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The Ending Of The Invitation (2022) Explained

If there is one unchanging, universal constant when it comes to the movies, it's that there will always be another vampire movie — which for fans of the bewitching bloodsuckers, is always good news. Like other immortal (or should we say undead) archetypical monsters like zombies, werewolves, ghosts, and demons, vampires find themselves rehashed, reinvented constantly. The latest film to showcase these fanged fiends is "The Invitation," a true horror movie at its core, but one that blends in dark humor and romance to give its bump in the night its own unique tone. Despite the way in which "The Invitation" deliberately wears its many influences on its sleeve, it still ends on a distinctive note, a note that is worth explaining.

The best part of "The Invitation" isn't in its plot — as boilerplate and predictable a plot as there ever was — but in the way in which director Jessica M. Thompson sprinkles in a few coffins-full of moments that subtly symbolize and build its world. From Biblical references to altered histories to a wider world of bogeymen, Thompson ensures that the "The Invitation" has more up its ornate, Victorian sleeves than you might catch at first glance. To help reveal some of the invisible, here is the ending of "The Invitation" explained.

The Dragon

The major twist in "The Invitation" is a two-parter. First, main character Evelyn Jackson's (Nathalie Emmanuel) new rich, handsome beau, Walter (Thomas Doherty), is actually a vampire, and second, that the wedding she was invited to is her own — she's to become the vampire's bride. Neither twist is surprising in the least, and the movie telegraphs them over and again, but the one facet of the twists that is handled subtly and invokes explanation is the vampire's true identity: Not only is Walter almost certainly the Dracula, he may very well be the literal son of the devil.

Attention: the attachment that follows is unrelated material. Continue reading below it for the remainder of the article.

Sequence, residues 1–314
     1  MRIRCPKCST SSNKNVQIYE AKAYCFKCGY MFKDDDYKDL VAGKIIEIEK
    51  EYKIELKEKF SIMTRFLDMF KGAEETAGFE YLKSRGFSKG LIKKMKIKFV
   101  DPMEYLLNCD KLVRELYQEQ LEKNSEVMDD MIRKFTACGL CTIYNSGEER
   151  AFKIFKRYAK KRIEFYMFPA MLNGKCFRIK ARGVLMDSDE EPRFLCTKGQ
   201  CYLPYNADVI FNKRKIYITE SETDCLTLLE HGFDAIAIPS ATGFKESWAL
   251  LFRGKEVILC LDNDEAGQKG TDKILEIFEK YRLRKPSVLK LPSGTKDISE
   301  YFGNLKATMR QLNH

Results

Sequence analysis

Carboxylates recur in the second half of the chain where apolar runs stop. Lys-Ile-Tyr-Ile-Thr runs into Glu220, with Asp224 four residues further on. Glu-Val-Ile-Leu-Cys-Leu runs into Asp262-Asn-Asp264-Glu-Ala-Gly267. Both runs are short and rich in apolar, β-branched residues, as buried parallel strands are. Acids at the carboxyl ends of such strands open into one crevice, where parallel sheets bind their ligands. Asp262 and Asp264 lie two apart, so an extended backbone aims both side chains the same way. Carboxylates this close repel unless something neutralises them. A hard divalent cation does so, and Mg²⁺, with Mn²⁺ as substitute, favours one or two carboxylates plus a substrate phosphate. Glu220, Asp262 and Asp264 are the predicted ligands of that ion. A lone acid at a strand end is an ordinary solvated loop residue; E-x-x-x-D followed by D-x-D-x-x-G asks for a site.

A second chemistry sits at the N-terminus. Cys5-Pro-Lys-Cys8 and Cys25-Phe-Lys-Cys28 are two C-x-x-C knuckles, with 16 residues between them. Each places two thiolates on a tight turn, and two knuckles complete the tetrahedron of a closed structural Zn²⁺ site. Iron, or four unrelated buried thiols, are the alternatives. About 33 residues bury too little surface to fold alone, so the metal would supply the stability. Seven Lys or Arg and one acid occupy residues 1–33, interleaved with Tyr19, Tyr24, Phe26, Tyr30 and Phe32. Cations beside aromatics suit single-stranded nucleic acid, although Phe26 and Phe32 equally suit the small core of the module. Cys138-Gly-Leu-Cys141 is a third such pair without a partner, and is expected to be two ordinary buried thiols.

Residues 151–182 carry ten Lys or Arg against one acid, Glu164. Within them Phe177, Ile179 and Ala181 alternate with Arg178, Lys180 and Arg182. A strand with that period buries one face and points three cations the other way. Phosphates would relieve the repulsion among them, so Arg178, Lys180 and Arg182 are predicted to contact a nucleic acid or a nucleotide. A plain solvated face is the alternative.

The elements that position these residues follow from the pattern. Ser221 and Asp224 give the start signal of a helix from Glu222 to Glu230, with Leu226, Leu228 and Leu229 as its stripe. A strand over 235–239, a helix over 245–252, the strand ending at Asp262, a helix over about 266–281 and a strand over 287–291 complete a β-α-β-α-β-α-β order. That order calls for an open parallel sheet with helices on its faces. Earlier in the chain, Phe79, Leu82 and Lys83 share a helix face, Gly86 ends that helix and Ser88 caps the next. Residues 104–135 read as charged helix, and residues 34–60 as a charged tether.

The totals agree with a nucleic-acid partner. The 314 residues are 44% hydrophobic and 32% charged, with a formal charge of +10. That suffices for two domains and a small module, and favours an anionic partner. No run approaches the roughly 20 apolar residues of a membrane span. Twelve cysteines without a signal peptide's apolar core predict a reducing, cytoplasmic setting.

Thompson seeds clues throughout the movie that hint at Walter's infernal heritage, ranging from sly to blatant. The most blatant by far is Walter's surname, De Ville, as is one the nicknames which he reveals that ancient peoples have called him: "Son of the Dragon." In the history of Western cultures, one of the earliest, and by far the most famous, dragons was the Great Red Dragon, Satan. Another clue is Walter's insistence on only killing and eating his prey starting at 3:00 a.m., the hour commonly referred as either the Witching Hour or the devil's hour.

A third nail in the (ahem) coffin comes when the vampire Viktoria (Stephanie Corneliussen) reveals that Walter has been around for "thousand of years," placing his birth/undeath farther back than the stereotypical Middle Age Vlad the Impaler, all the way to Biblical times.

Evie and Eve

Walter De Ville, the probable son of Satan, is not the only Biblical reference in "The Invitation" — far from it. And among the many biblical symbols and allusions to biblical events, the most prevalent is the main character, Evelyn Jackson — aka Evie. Like Walter's surname De Ville, Evie's name is a clear reference to a major character in the Bible, in this case Eve.

Not only is Evie's name suggestive, but much of the movie around her suggests that she is the modern-day Eve. Her room at the De Ville manor is painted from floor to ceiling with a garden mural. The scene is her room is wall-to-wall grass, trees, and birds — you might even call it Edenic. On several of the painted tree branches, large, shiny, red fruit hang, adding to the allusion, and shortly after Evie arrives, the connection is even said aloud. As Walter leads Evie on a tour of his actual garden, the pair pause at a statue of Eve herself, debating whether or not to eat the forbidden fruit, and with a serpentine Satan coiling around her. Considering the statue, Evie jokes — not knowing how prophetic her words would be — "Knowledge or nudity, Eve. What's it gonna be?"

A global cabal